The biggest difference in the price point for visiting both Iceland and Greenland is currently the airfare. Flying to Greenland is more expensive than flying to Iceland. Flights to Iceland have become much more available, with multiple airlines, departure points from major U.S. and European cities, and competitive airfare. To fly into Greenland however, requires departing from either Reykjavik, Iceland or Copenhagen, Denmark. The only airport in Greenland that receives these international flights is in Kangerlussuaq, Greenland, on the southwestern coast of the country. You can totally spend a few days in Kangerlussuaq seeing the sights, or use the town as your jumping off point to other Greenland towns. Air Greenland runs regular domestic flights between Kangerlussuaq and other major towns in Greenland, like Nuuk.
As far as lodging, food, and other travel accommodations go, Iceland is still slightly cheaper, but those costs are starting to align more as tourism in Greenland garners more attention.
There are no roads between towns in Greenland. There are roads in towns, but not connecting towns, though plans have started on constructing the first connecting road in Greenland! Travel between towns is done by boat, plane, snowmobile, or dog sled. Because Greenland is not really “driveable”, there is not much in the way of rental car and gas costs, versus Iceland which is extremely self drivable and road trip friendly.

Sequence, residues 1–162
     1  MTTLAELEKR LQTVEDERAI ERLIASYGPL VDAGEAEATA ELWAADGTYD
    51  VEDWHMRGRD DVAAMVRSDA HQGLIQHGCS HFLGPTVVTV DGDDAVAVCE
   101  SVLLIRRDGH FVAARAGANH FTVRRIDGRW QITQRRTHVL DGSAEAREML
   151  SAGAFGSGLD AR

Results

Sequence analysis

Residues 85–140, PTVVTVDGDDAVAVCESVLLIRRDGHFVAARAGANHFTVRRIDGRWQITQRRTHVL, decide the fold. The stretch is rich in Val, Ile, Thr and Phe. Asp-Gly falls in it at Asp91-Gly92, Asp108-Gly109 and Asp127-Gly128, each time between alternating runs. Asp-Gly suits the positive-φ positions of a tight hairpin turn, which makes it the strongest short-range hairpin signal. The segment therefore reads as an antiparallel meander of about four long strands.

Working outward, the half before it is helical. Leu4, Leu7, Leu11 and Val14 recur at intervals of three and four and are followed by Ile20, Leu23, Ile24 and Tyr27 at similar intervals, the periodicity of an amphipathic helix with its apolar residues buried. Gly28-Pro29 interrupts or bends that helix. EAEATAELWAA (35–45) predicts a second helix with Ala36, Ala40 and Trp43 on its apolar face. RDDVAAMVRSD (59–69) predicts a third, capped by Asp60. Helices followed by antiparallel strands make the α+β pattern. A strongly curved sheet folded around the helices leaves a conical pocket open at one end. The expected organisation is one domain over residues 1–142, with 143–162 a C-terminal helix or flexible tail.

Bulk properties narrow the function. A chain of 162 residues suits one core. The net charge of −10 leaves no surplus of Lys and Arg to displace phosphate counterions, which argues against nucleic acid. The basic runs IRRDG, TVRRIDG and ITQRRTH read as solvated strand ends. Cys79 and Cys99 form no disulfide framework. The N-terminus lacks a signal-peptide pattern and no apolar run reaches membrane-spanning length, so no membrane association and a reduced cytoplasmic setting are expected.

Due to Greenland’s more isolated location, food items like fresh fruit, dairy, etc. have to be shipped in and are therefore more expensive. So, for example, supermarket costs in Iceland are generally cheaper. But, if you dine out in a restaurant in either Iceland or Greenland, the costs are relatively comparable.
There are much more lodging options available in Iceland, so you can find a variance in the kind and cost of lodging, but costs in either island are comparable. There are some remote parts of Greenland where you can’t find lodging, whereas even in the more remote parts of Iceland, accommodations are continuing to grow and you can likely still find something available. And no matter whether you are visiting Iceland or Greenland, there are plenty of outdoor opportunities and tour options available.
Other accessible items, such as cell phone coverage and Wifi, are more readily available in Iceland, but Greenland is starting to catch up.
What is the Culture like in Iceland and Greenland?